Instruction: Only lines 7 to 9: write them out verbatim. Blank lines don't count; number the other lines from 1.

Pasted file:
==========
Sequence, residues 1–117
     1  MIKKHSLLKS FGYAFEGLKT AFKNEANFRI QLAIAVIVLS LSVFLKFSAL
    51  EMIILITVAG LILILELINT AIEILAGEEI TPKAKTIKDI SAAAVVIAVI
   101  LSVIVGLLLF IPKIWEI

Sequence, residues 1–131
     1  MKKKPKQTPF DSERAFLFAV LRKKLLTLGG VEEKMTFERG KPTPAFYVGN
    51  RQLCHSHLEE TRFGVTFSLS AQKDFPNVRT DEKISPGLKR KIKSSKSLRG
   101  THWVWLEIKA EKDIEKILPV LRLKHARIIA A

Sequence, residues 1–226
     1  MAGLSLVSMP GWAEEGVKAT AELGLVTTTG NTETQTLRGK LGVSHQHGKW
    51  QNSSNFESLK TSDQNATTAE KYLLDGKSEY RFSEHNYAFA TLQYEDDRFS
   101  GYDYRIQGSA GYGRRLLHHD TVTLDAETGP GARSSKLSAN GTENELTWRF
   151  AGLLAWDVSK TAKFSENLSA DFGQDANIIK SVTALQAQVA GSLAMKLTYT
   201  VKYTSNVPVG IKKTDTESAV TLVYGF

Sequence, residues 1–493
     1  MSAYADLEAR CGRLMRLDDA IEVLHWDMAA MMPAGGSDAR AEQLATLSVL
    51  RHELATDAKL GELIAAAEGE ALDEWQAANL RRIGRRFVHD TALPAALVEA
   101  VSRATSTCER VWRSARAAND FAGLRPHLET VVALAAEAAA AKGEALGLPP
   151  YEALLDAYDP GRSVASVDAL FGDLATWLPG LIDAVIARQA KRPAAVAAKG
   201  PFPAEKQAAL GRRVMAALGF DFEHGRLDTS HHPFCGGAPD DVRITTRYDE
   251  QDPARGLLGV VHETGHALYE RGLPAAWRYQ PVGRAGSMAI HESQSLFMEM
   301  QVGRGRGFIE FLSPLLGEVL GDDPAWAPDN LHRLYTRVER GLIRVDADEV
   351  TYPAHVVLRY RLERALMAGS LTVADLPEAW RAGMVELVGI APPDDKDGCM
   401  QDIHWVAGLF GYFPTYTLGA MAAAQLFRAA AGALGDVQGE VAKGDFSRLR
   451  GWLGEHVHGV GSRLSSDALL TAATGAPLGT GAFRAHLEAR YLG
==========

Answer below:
    51  RQLCHSHLEE TRFGVTFSLS AQKDFPNVRT DEKISPGLKR KIKSSKSLRG
   101  THWVWLEIKA EKDIEKILPV LRLKHARIIA A

Sequence, residues 1–226